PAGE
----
3.  Spoon into small bowls or glasses and serve immediately.  You may even want to freeze the dishes first.

Serves a lot, assuming small quantities of no greater than 1/4 C per serving.

Difficulty rating  π

Tuesday, December 3, 2013

Sloppy Moussaka

When I was still trying to avoid chewing on my temporary crown, I considered making sloppy joes.  Then I wondered what new thing I could make with ground lamb.  That evolved into a joke about Sloppy Moussaka.  After a bit, I realized there was no reason I couldn't do that.

This is the cheating, not from scratch version.  Store bought sauces, so it only takes half an hour to make.  I did try to do the oven-roasted eggplant for the slices, and it didn't taste as good as frying them.  I tried.

1 lb ground lamb
1 C tomato-based pasta sauce
1/2 C alfredo sauce
1/4 C grated parmesan
8 hamburger buns
1 small eggplant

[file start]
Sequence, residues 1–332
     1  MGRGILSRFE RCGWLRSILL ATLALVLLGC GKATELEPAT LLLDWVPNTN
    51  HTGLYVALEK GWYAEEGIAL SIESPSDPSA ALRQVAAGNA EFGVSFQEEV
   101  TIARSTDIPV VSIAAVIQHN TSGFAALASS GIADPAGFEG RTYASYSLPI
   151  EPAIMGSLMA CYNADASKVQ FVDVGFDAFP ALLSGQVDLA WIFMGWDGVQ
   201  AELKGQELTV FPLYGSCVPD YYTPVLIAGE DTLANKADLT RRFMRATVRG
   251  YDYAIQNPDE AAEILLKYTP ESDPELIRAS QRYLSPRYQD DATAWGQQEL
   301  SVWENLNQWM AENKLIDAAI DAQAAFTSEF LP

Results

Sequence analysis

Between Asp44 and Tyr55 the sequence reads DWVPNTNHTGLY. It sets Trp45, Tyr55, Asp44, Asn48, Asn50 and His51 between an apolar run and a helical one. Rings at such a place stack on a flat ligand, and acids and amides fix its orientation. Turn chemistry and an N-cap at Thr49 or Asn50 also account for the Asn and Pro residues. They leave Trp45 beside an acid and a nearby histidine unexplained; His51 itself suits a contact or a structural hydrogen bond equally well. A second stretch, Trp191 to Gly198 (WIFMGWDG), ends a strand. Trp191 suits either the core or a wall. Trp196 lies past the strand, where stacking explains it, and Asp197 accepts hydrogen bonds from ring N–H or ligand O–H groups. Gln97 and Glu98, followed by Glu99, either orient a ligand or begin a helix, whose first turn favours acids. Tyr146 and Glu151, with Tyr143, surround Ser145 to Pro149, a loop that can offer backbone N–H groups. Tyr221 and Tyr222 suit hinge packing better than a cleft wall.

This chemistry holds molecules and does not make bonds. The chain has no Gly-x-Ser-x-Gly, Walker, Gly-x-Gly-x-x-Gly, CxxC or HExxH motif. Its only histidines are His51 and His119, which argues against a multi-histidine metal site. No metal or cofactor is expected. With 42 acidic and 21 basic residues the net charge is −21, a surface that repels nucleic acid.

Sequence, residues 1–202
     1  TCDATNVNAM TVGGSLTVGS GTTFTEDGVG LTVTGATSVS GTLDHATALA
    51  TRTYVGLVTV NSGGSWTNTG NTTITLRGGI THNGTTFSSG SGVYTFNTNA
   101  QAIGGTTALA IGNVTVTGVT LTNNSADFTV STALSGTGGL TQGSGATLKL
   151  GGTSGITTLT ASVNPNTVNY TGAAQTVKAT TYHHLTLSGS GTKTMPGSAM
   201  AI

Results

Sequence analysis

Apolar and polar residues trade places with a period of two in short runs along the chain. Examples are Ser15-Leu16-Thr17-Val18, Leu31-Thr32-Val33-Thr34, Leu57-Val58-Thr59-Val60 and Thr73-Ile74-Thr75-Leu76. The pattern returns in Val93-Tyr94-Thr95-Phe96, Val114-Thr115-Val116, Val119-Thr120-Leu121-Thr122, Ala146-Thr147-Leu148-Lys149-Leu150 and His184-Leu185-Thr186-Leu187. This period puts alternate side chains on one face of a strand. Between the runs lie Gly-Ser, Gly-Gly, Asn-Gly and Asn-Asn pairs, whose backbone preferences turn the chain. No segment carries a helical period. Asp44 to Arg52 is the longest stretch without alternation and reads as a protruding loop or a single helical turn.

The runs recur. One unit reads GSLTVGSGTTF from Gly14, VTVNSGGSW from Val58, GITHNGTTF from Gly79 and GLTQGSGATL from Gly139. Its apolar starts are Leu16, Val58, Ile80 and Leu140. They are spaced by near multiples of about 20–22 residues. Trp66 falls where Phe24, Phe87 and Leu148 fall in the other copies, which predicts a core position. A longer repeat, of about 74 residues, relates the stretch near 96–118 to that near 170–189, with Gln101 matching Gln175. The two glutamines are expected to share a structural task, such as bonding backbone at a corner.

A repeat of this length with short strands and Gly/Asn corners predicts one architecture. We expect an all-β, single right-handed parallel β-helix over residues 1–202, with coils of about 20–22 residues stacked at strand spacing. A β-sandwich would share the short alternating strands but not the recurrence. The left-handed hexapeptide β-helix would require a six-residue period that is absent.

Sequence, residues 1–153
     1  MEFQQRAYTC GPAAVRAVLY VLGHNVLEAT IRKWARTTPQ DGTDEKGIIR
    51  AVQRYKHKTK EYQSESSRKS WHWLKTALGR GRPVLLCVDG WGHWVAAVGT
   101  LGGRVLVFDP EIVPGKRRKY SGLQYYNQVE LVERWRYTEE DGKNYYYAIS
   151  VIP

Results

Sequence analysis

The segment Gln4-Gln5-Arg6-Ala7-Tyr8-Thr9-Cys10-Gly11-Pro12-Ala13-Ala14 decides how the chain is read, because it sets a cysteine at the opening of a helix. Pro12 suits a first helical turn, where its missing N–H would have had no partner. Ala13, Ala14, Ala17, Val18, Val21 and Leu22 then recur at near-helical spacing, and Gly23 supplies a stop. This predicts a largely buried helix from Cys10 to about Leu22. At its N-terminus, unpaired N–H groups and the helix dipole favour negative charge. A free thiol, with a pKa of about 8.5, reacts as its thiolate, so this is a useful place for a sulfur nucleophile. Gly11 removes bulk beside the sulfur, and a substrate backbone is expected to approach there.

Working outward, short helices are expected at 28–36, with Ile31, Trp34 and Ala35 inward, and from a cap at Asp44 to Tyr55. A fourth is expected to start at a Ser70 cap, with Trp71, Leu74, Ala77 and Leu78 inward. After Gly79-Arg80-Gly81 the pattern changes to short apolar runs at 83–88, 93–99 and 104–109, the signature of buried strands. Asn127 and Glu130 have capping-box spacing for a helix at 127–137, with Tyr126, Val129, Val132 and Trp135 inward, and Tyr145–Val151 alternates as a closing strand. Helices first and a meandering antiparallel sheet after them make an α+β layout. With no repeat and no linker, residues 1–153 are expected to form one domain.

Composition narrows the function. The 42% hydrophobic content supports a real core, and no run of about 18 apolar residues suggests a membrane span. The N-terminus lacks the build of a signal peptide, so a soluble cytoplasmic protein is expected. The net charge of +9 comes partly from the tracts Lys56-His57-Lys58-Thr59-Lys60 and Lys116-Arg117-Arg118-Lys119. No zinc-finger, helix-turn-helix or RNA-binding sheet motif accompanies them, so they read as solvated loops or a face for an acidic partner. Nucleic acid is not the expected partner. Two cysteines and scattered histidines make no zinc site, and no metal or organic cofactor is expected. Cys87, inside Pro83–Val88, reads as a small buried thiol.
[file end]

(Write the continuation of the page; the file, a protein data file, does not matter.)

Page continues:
oil for frying

1.  Slice eggplant crosswise, thinly.  Sprinkle lightly with salt and let sit 10 minutes to leach out some of the moisture.  Pat dry with paper towels.

2.  Fry eggplant slices in a skillet in 1/4" vegetable oil until lightly browned.  Remove to paper towels to drain.

3.  In a large skillet, brown lamb, chopping into small pieces.  Drain off excess fat and add tomato pasta sauce.  Stir to coat, and add more sauce if necessary.

4.  Lightly toast hamburger buns and set the bottom halves on a cookie sheet.  Start preheating broiler.  Cover bottom of buns with half of the fried eggplant slices.  Divide meat mixture on top, then top with remaining eggplant.  Spoon on about a tablespoon of alfredo sauce on each, then sprinkle with parmesan.

5.  Broil until parmesan gets toasty.  Transfer to plates.  The buns I bought were kind of small, so two were a serving.  Serve either with top bun on the sandwich or on the side.

Difficulty rating  :)